House Republicans Fight EPA Bureaucracy With ... Bureaucracy

The Energy Consumers Relief Act would add congressional oversight to the environmental agency's regulating power.

Sunflower Electric Cooperative's coal-fired power plant churns out electricity Thursday, Feb. 1, 2007 in Holcomb, Kan. Kansas Gov. Kathleen Sebelius vetoed a bill allowing two additional coal-fired power plants at the location. (National Journal)

If the Environmental Protection Agency wants to lay down more red tape, it will have to go through red tape to do so. That's the premise of a bill that passed the House on Thursday by a 232-181 vote. The Energy Consumers Relief Act would require congressional oversight for any new EPA regulation with an economic impact greater than $1 billion. In addition, the bill — which was sponsored by Rep. Bill Cassidy, R-La. — would give the secretary of Energy the ability to block any EPA regulation deemed harmful to the economy. The bill is unlikely to be taken up in the Democratic-controlled Senate.

Also included in the bill was an amendment from Rep. Tim Murphy, R-Pa., that prevents EPA from using the "social cost of carbon" to justify its regulations. That amendment in particular drew the ire of House Energy and Commerce Committee ranking member Henry Waxman, D-Calif., who called it "magical thinking" from the "flat earth society" that reflects "science denial at its worst."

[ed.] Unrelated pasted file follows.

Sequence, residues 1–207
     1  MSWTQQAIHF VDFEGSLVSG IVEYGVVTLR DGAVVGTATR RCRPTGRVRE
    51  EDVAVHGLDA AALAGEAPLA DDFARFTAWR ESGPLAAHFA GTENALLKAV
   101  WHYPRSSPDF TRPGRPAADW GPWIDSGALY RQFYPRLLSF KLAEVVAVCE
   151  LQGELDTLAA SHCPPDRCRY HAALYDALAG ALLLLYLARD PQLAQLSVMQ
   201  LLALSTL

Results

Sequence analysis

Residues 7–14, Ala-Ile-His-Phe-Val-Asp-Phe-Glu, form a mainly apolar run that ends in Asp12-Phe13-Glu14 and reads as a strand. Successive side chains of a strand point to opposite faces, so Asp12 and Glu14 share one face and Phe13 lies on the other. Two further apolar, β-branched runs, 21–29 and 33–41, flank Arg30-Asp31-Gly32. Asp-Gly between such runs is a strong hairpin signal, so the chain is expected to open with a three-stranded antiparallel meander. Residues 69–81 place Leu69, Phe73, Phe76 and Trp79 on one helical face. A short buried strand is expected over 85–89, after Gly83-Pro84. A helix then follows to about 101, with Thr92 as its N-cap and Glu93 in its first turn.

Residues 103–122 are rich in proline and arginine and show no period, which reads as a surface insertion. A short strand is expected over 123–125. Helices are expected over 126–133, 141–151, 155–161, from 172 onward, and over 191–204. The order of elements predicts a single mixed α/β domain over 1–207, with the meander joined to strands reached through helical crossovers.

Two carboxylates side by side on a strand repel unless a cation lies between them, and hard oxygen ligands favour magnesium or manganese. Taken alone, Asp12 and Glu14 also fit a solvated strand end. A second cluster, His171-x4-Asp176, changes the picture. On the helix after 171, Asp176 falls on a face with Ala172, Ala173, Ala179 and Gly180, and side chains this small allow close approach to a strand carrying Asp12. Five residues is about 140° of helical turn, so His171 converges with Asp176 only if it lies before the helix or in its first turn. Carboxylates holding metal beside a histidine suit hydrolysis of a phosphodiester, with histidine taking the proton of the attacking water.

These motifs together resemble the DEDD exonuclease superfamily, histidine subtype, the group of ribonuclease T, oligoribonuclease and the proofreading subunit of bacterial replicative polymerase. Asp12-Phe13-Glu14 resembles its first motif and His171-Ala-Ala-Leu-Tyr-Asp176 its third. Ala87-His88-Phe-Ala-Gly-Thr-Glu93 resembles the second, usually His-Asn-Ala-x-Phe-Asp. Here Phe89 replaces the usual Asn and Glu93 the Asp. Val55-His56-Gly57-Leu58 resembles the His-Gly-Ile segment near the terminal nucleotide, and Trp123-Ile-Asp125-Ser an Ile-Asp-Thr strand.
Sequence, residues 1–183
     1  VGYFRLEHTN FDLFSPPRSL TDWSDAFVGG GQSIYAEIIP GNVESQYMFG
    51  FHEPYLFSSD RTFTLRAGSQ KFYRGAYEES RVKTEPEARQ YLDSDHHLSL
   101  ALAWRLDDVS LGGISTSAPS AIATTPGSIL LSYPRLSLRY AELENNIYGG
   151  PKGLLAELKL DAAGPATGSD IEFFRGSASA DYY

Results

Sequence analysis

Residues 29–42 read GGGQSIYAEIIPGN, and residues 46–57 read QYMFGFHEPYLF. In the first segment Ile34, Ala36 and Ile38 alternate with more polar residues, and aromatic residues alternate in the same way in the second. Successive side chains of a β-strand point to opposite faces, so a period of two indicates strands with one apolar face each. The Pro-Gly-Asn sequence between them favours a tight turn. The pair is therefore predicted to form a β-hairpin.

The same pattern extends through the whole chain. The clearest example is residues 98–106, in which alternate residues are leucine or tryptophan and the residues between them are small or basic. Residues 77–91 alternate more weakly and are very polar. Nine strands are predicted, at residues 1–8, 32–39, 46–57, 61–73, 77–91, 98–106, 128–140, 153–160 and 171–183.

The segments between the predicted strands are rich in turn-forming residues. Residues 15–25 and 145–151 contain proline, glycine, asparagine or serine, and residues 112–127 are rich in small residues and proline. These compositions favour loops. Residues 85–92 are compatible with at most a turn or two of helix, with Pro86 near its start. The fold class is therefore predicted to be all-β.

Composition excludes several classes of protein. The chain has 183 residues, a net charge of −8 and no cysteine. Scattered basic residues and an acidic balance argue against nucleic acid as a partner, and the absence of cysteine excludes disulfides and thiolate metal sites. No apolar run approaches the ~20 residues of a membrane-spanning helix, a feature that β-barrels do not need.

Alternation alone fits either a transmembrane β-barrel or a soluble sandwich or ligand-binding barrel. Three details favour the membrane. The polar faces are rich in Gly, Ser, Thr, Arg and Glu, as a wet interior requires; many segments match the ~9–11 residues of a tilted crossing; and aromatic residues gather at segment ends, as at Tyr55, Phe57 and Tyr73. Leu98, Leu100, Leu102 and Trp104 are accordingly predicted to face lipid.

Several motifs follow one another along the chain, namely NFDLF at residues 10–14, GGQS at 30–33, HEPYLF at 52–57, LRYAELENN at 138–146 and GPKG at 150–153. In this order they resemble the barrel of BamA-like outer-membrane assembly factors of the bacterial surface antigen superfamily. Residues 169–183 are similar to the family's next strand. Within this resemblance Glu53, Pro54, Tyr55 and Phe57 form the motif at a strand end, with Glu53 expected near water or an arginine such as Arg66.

Waxman put forth his own amendment to block the Energy Department oversight portion of the bill, but that was shot down by the Republican majority. Another rejected amendment — this one from Rep. Gerald Connolly, D-Va. — would have exempted air- and water-quality rules from the economic test.

Republicans made the argument that the bill frees businesses from an out-of-control bureaucracy that's stifling the economy. "If you're pro-jobs, pro-growth, and antipoverty, you should support [the Energy Consumers Relief Act]," Cassidy said. The bill's consequences, Democrats shot back, will render EPA toothless to fight pollution as the nation's energy demands change rapidly.